SPUG: Stick Riddle

Brian Hatch spug at ifokr.org
Thu Jan 2 19:36:30 CST 2003

> This is the crux of the djinn's counsel: to break the stick once and then
> again (two whacks with one blade), instead of taking a double-headed
> cleaver to it (one whack with two blades).

But what is the effective difference?

Never was it said which piece should be cut again.  should it
be the big or the small one?  The left or the right one?  Or
should it be random?  This is assumption one if you break in two

(If you choose utterly random, there's no difference from using a
double-headed cleaver.  Although I suppose you could argue that
very very very very infrequently you get the same random number
twice in a row and end up cutting the stick in the same place,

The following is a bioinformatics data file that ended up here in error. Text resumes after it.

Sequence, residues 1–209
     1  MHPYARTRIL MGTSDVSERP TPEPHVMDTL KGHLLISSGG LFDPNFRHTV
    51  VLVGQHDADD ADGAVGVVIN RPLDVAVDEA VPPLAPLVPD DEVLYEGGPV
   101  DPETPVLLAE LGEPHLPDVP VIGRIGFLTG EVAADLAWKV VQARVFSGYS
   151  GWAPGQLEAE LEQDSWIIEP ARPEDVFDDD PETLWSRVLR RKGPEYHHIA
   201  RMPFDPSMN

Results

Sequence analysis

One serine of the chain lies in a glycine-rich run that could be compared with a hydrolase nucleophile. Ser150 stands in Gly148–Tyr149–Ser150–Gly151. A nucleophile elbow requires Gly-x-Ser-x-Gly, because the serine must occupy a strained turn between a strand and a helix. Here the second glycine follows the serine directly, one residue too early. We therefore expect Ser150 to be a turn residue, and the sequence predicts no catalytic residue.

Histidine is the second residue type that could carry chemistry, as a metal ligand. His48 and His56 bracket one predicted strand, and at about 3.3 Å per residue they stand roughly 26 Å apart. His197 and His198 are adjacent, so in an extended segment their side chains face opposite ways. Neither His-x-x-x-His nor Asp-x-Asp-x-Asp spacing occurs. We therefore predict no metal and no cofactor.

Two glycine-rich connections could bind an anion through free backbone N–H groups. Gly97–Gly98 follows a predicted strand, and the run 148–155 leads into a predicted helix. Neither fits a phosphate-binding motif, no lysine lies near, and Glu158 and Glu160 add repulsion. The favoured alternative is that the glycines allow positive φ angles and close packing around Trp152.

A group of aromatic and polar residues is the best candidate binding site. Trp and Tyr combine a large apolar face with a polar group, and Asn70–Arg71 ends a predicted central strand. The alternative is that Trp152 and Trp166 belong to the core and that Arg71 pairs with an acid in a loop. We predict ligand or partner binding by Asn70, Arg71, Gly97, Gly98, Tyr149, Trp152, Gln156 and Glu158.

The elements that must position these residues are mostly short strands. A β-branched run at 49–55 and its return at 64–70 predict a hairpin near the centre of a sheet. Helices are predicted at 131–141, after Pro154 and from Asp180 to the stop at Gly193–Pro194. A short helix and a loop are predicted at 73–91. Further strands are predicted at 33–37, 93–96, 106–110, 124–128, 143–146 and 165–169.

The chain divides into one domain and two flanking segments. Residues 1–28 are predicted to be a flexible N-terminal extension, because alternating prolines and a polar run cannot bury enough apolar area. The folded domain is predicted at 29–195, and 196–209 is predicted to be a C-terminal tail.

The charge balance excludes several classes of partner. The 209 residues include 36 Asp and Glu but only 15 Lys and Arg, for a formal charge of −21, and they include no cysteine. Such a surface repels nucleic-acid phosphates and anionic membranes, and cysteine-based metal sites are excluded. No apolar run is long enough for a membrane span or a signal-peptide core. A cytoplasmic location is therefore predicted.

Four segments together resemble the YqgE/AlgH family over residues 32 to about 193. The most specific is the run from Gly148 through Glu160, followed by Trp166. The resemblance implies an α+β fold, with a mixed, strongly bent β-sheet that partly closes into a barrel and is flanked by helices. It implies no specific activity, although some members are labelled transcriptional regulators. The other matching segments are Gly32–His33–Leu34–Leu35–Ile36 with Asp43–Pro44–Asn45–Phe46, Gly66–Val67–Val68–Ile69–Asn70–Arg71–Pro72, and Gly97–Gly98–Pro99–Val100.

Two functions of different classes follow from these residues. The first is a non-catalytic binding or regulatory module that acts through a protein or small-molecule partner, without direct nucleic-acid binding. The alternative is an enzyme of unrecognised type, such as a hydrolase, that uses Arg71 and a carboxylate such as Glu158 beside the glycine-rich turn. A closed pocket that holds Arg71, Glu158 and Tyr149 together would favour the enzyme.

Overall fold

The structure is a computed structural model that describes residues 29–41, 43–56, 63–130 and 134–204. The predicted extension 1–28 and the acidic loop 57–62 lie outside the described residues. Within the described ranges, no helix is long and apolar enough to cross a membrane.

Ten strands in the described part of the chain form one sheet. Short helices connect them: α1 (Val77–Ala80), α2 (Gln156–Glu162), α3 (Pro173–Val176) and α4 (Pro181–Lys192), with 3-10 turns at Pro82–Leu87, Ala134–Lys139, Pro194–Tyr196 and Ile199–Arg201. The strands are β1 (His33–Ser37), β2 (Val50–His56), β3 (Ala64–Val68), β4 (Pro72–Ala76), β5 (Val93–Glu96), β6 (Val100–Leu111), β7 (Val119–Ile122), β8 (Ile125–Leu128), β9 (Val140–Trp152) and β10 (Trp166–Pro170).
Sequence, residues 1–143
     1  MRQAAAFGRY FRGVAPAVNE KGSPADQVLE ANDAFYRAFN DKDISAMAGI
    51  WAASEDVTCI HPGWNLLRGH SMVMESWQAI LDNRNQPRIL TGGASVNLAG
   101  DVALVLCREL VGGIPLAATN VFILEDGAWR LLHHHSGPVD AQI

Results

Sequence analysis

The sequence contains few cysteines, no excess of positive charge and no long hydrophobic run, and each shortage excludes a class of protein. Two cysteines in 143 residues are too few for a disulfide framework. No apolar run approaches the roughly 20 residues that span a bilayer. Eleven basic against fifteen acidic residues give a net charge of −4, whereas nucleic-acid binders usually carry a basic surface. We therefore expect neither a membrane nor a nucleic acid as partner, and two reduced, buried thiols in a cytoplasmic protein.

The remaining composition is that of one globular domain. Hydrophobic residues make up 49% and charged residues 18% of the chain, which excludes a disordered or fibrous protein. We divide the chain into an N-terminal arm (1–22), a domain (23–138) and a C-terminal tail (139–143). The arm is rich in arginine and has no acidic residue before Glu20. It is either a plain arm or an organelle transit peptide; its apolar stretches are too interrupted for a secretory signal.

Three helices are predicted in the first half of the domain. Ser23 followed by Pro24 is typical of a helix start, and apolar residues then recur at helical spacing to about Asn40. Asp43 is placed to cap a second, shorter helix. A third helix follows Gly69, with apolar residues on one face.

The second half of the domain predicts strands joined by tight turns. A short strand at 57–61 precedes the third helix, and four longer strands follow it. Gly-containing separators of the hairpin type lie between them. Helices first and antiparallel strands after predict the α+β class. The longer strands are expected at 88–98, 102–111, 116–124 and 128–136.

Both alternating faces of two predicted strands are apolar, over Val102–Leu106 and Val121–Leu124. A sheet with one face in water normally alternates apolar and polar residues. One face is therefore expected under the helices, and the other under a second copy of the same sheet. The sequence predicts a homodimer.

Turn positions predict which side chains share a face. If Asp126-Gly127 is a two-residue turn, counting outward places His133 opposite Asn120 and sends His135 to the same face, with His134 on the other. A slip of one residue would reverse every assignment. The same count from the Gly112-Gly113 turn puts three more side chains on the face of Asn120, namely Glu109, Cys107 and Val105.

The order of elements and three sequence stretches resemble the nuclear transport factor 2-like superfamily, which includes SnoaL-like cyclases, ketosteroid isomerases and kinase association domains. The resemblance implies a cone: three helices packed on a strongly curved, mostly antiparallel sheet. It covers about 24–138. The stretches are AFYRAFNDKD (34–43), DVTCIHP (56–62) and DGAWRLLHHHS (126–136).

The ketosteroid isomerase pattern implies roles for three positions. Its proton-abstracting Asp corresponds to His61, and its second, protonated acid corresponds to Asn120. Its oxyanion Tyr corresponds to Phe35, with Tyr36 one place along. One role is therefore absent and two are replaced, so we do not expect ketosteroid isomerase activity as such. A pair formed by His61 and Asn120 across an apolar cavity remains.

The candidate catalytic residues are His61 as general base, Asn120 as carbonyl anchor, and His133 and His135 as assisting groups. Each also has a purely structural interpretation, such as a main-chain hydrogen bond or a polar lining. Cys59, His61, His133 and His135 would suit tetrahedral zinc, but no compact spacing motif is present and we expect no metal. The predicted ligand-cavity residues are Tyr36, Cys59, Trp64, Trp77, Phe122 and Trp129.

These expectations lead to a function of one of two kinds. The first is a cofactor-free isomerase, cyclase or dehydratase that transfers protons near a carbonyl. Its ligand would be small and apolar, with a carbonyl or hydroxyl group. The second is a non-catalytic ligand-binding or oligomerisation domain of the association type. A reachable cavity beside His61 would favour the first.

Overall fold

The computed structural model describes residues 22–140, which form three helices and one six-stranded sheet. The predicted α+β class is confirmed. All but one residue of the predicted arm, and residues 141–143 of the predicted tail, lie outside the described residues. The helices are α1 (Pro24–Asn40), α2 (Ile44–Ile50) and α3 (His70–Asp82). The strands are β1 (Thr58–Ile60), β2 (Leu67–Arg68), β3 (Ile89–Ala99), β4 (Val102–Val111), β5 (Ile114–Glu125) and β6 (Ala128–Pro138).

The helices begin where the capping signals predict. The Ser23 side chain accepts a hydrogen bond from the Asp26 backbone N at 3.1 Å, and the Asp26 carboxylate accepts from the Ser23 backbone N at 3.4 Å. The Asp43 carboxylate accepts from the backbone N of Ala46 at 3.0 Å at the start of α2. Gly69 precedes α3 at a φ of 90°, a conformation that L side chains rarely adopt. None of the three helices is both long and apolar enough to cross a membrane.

but I think we can rule that out for a large enough sample size.)

The second assumption is "is a stick likely to break at every
point evenly".  If I bend the stick to break it, it's much more
likely to break near the middle than under my thumb.  I think
building in stick-breakage-vs-distance logic requires research
beyond the scope of the question.

I'm sticking with 25% as my answer.  I'd love to hear the mathematics
that yielded 50%.  (Not counting the averaging of random data, which
yields very bad random data.)

> (Do you know the apocryphal story of how Gauss added up the numbers from 1
> to 100?)

Would that be
	1+100 + 2+99 + 3+98 ... + 49+52 + 50+51

	101   + 101  + 101  ... + 101   + 101

	== 101 * 50 == 505

Brian Hatch                  I used to be a lumberjack,
   Systems and                but I just couldn't hack
   Security Engineer          it, so they gave me the ax.

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